BMW has been applying some strategic thought to the subject of electric cars, and the BMW i sub-brand and the forthcoming i3 and i8 electric cars are the first results of this work.
BMW believes that in the future, if people think premium, they will also think sustainable. Steve Chater, Corporate Operations Manager, BMW Group UK, says that “the future is green” – but people will not want any compromises if they go green.
Due to the trend of more people living in cities – over 60% of us are expected to live in mega-cities by 2030 – the company sees that electric vehicles will be inevitable in the future, to help address problems of air pollution and due to the shortage of natural fuels and resources.
The UK has a CO2 reduction target of 80% by 2050, based on 1990 levels, and fossil fuels are becoming more costly to extract, leading to higher fuel prices. However the move from fossil fuels is likely to be influenced by one of the most important political priorities – the desire for energy independence. Added to all of this, BMW sees that customer preferences are changing, with awareness about sustainability rising higher up the agenda.
The company forecasts that by 2020, 5-15% of new vehicles will be electric. As part of its plan to ensure that BMW is part of this new electric market, it has already conducted trials with the all-electric MINI E; these were in fact the world’s biggest electric vehicle trials.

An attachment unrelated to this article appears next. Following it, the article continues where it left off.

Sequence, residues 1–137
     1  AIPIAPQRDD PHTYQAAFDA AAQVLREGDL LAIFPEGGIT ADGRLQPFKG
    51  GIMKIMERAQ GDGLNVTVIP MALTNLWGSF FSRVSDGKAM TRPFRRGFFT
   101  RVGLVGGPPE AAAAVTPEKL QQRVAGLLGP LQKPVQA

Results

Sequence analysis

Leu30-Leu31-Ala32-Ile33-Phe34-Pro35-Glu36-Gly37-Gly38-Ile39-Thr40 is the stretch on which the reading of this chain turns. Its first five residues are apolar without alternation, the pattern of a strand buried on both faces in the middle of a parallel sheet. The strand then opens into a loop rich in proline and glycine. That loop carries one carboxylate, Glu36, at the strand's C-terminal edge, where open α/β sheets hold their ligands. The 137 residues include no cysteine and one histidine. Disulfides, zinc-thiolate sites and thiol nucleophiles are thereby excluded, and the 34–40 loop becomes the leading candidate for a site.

So what were the key lessons learnt from the MINI E trials? Before the trials, range was perceived to be the biggest limiting factor. Data loggers were put into the MINI E and other conventional cars to see how they compared in terms of range, and they were almost identical. The average trip distance for the MINI E was 13.9 miles, and the average total distance driven each day was 35 miles. According to the Office for National Statistics, the average distance driven in the UK per day is 22.8 miles. Based on all these figures, the MINI E, with its real world range of 100 miles, should be sufficient for the majority of normal journeys.
Interestingly, 87.5% of people on the trial said it was essential to have a public charging infrastructure, but 75% said they could survive without it. Important feedback was that car makers should offer renewable energy tariffs in conjunction with the vehicle, in order to ensure that the car is genuinely zero emission in its use.
Perhaps the key outcome was that 92% of the people on the trial, having lived with the MINI E, said they will buy an EV.
Feedback showed that the main area for improvement with the MINI E was packaging. This was perhaps a predictable outcome, as the MINI E prototype is only a two-seater and the batteries take up the majority of the space where the rear seats should be.
So can the people who took part in the MINI E trial buy an electric BMW? No, not yet – but soon. The next thing that will happen is a new trial, of the all-electric 1 Series prototype, the BMW ActiveE, which starts this year. This will be a rear-wheel drive EV, and it will have a much smaller space taken up by the battery pack than the MINI E. Then we will have the first electric BMW production cars, the i3 and i8. These BMW i cars will be launched and on UK streets in 2013. BMW i will be a sub-brand of BMW, similar to the way that M is a sub-brand.